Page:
So how do you succeed in the face of vehement resistance?
Expect it. Plan for it.
You should expect and plan for a crisis to occur, if not volley after volley of them. You need to be mentally prepared so when crises occur you can maintain a level head and not panic. During an intervention, crises are not so much the enemy as is panicking in response to them.
Keep in mind that a crisis is not necessarily something loud and flammable. A crisis is whatever the addict can do that creates a certain kind of reaction in others.
In other words, if isolating himself, not answering his phone and sinking into a pit of despair causes others to stop in their tracks and second-guess what they’re doing, then that’s what he’ll do. I’m talking about anything that causes critical players to panic, become hopeless or fearful, doubt themselves, and otherwise become emotionally stopped.
Expecting the addict will have more than one crisis–and allowing enough time to handle each one–is something that distinguishes effective interventions from those which fail.
Mainstream intervention theory suggests the addict will either say “yes” or “no” during the meeting when the offer of help is made. But this is misleading since most addicts react to the offer of help with crisis.
Families often conclude, based on what they’ve been told, that such a reaction indicates the addict is either not ready for treatment or that he must hit bottom. Not only does the intervention end with the addict not going to treatment but, because the family did not anticipate the crisis and instead sees the intervention as a disaster or failure, it is ended prematurely when success was actually within reach. Bluntly put, this is why traditional intervention models tend to have such abysmal success rates.*
The most common scenario is for the family to plan the offer and then make the offer; then the addict will have a crisis, either during that meeting or shortly thereafter.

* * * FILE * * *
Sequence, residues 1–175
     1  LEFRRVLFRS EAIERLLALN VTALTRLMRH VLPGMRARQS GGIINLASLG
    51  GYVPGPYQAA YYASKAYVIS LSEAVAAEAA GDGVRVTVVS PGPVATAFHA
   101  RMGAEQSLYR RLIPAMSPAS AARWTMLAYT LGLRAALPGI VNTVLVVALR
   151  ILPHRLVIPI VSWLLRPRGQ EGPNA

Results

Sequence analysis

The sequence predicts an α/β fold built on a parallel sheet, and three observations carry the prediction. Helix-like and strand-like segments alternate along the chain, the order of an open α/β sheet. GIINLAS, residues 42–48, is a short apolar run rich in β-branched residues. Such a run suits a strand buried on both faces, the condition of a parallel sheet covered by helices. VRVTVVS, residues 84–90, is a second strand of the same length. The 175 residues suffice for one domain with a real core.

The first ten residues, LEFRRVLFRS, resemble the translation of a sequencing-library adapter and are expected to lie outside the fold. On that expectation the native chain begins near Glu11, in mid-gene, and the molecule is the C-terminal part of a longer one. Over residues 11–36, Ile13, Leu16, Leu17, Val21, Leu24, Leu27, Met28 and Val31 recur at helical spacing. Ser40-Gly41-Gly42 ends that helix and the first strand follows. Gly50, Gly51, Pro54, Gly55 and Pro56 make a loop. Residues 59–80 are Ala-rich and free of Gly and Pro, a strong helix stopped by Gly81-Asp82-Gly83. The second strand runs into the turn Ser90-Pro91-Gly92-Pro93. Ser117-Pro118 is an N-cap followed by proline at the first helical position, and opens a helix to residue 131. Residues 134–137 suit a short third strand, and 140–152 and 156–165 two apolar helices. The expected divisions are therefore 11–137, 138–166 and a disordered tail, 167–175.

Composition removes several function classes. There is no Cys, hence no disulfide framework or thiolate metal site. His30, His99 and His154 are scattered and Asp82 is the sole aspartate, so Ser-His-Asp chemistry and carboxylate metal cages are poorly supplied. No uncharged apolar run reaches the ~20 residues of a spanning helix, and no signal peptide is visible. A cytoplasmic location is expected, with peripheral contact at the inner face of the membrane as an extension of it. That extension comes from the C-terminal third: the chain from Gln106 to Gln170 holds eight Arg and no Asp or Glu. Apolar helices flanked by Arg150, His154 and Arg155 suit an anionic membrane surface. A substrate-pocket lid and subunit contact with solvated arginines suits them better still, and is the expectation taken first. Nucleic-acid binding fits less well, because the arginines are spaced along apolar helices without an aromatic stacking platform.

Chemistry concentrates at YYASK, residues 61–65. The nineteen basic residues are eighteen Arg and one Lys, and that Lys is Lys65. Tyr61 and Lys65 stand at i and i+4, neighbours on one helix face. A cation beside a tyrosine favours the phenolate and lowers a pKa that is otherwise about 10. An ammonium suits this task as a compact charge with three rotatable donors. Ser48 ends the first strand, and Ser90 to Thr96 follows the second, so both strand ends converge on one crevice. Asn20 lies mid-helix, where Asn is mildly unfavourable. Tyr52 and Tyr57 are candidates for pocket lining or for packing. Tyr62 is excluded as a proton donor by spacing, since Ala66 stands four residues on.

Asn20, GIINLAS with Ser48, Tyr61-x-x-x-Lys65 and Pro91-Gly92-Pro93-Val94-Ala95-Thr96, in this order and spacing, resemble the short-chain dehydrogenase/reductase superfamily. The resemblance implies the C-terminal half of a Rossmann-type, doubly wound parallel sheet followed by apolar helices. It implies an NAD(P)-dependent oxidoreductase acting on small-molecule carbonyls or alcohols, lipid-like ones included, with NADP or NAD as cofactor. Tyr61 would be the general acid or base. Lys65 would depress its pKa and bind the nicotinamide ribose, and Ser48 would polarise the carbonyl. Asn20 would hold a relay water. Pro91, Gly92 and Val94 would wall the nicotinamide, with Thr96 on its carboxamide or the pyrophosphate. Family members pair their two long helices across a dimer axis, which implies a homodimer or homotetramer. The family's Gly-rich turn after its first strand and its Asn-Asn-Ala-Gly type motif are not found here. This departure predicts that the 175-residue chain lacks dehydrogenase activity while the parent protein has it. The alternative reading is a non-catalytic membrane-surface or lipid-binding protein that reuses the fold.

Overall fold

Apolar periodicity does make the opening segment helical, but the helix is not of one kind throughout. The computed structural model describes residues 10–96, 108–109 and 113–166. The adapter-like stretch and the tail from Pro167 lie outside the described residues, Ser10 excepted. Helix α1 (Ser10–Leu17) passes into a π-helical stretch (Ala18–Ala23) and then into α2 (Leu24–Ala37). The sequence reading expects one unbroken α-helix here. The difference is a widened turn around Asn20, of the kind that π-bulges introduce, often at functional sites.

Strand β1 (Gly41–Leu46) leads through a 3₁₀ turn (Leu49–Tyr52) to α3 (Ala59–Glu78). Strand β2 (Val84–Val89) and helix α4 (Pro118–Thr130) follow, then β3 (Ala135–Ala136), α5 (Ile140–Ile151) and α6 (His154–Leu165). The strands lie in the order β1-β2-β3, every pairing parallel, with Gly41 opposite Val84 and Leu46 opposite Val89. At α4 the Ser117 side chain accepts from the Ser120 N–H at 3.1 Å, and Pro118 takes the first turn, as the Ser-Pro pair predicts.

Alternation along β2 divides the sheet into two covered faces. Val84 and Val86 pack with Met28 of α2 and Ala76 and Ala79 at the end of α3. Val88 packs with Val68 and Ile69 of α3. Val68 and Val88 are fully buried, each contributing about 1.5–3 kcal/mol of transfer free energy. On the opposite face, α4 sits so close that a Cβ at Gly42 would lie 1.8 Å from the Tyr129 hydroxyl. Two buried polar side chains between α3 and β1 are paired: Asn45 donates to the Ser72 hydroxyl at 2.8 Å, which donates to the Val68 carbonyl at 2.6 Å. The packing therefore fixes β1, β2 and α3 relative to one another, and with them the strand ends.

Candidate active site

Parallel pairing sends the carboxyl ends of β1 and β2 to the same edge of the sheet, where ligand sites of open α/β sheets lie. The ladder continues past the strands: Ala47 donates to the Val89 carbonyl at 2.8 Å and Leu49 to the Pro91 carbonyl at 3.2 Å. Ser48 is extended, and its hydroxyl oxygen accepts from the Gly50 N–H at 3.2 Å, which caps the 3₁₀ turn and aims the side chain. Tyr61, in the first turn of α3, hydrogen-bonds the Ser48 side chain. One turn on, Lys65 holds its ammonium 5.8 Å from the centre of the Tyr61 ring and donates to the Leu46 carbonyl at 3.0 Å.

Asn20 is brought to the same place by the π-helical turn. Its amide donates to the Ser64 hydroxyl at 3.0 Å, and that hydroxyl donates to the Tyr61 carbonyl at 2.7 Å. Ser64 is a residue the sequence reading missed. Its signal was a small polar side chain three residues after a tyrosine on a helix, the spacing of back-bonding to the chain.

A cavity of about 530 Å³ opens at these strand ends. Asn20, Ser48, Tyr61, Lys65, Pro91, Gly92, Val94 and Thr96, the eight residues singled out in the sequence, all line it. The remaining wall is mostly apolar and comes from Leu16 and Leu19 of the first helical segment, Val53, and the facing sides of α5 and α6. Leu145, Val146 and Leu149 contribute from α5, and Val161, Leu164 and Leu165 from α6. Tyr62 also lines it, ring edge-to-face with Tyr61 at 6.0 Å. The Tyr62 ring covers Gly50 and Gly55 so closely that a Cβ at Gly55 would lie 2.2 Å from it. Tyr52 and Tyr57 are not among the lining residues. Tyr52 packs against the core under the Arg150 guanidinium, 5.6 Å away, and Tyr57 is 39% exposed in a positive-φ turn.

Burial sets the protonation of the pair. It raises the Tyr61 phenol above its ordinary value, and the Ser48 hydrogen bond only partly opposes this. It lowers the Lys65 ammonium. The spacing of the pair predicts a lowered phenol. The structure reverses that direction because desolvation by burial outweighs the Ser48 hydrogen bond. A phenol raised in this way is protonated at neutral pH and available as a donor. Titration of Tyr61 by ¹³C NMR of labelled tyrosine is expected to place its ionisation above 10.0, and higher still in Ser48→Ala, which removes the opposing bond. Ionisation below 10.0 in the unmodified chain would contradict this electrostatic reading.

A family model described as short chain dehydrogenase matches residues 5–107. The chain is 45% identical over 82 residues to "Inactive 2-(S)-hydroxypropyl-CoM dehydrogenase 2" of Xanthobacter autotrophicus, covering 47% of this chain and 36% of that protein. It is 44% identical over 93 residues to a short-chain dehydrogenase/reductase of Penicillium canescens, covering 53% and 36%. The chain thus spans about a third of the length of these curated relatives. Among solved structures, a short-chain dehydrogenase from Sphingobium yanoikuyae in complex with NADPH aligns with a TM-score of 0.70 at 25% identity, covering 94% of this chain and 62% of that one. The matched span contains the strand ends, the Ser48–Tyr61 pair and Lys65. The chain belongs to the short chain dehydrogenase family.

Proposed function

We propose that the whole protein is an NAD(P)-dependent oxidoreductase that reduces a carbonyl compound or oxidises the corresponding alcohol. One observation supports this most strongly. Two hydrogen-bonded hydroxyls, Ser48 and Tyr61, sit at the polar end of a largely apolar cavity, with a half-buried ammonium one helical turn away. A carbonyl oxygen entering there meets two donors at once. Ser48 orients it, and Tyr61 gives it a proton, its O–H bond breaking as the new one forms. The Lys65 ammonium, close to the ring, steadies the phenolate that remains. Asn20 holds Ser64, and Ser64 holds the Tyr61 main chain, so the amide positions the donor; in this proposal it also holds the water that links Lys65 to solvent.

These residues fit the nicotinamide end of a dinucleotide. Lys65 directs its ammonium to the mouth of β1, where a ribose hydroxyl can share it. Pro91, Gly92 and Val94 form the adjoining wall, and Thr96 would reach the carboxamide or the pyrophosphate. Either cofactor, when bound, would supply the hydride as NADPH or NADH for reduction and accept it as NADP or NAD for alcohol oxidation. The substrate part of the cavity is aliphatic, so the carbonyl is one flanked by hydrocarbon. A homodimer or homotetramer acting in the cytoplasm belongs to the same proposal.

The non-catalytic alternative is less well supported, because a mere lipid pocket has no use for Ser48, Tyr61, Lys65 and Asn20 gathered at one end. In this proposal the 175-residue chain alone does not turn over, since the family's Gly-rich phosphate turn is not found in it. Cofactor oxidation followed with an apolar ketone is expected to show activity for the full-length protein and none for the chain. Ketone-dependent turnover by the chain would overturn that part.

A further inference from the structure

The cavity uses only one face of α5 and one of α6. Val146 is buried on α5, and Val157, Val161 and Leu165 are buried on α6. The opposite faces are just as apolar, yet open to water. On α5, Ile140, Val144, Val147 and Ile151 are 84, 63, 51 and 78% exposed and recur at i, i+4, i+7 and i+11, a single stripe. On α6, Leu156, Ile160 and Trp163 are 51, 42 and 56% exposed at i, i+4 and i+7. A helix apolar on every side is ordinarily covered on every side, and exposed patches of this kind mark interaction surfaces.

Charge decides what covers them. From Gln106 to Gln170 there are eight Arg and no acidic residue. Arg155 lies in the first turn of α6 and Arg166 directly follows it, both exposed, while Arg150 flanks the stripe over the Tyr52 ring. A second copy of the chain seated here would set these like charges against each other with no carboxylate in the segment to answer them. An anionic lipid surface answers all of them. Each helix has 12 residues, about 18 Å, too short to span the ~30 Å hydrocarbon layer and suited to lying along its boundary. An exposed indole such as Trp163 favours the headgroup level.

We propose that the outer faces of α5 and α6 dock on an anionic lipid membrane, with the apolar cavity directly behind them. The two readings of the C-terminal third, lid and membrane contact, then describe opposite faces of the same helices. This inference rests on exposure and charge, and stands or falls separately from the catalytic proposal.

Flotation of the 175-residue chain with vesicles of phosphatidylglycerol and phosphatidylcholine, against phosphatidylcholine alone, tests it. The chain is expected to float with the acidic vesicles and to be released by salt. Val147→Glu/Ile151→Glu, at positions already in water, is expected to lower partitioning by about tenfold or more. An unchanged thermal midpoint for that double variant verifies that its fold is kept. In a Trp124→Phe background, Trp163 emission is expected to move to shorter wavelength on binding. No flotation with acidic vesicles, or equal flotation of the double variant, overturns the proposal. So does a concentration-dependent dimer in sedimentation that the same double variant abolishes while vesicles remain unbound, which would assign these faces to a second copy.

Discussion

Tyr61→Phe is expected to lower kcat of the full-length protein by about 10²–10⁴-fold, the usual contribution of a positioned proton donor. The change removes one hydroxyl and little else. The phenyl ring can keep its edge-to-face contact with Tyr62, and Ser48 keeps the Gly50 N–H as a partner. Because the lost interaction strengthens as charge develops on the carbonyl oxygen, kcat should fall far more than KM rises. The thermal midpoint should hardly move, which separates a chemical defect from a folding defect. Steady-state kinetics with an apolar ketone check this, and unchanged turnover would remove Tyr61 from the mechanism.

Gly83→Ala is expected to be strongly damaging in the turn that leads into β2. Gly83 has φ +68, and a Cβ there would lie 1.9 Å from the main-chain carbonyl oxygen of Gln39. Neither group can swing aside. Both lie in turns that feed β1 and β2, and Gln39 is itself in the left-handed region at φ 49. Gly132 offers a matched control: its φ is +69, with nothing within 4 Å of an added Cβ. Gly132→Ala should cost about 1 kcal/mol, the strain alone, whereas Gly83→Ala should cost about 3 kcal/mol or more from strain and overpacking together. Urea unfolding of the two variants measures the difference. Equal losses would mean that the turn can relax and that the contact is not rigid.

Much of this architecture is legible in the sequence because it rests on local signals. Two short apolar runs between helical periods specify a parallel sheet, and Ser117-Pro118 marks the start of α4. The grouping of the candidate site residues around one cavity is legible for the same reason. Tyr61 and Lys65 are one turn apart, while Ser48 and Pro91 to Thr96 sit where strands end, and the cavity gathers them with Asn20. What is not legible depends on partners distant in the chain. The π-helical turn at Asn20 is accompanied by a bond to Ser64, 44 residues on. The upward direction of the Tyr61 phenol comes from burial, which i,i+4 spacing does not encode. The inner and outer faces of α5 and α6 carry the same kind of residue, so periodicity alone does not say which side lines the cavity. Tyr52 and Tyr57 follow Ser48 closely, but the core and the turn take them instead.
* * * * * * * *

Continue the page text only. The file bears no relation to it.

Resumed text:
* “As a generalization, we have found that about one-half of all interventions we have participated in have resulted in the person’s going to some type of treatment.” ~ Page 114, Substance Abuse, Information for School Counselors, Social Workers, Therapists, and Counselors. Second Edition, Gary Fisher; Thomas Harrison. ISBN 0-20-5-30622-5
As long as his family has successfully kept a collective cool head, has continued selling the aesthetics of the program, NOT changed direction and has kept or put the ultimatums in place, the addict will soon realize his crises are no longer effective, at which point the family will likely see the beginnings of a negotiation.
It’s a lot like hooking a big fish. Expect a fight and, when you’re about to get it in the boat and you’ve got your net in hand, expect another one. And, when you’re on your way back to shore, confident your fish is secure in the cooler, you’d better make sure that cooler is locked because he may fight you again.
The forms that crises take are not important if you recognize that they are mostly efforts at control.
Here is an example from one addict during the loss of his job:
“There’s this one manager at work who’s had it in for me. He blames me for what others are doing, and he pushed me too far so I told him off. So now they want to talk to me in the office on Monday, and I’m suspended until then.”
In truth, the addict has already lost his job due to being tardy or absent, a direct result of his drug or alcohol abuse. Blaming others is how he begins the cycle of self-protection and abnegation of responsibility.
Here’s another example. The son (who is out of money and has been kicked out of the house) calls his father and tells him the following:
“I owe these drug dealers some money, Dad, and I think my life is in danger. They stole my wallet and it has your home address in it. They said if I don’t pay them $200, they’re going to hurt my family!” This example is from my own playbook. What actually happened was that I had run out of drugs. (Yep, I was the addict).
I just needed more money to buy more drugs. The goal of my entire crisis, my ruse, was to get money for drugs.
I came up with an extreme situation I thought my dad would buy into. And, sure enough, he did. He was so pissed he almost cried. He “had had enough of my f**king problems.”
The only thing that mattered to me, however, was to show enough remorse to be believable so I could get the money, get the drugs, and get to a quiet place and get high.
I did an intervention with a kid who was 17 years old and addicted to meth, pot, and alcohol. We did the intervention and it went smoothly, the kid was in treatment within five days. A week later, however, I got a call from his father. He was in a panic, telling me his son was back. Apparently the mother–after having worked tirelessly with me for five days to get the kid to the program–had driven to the treatment facility, picked the kid up and brought him back home!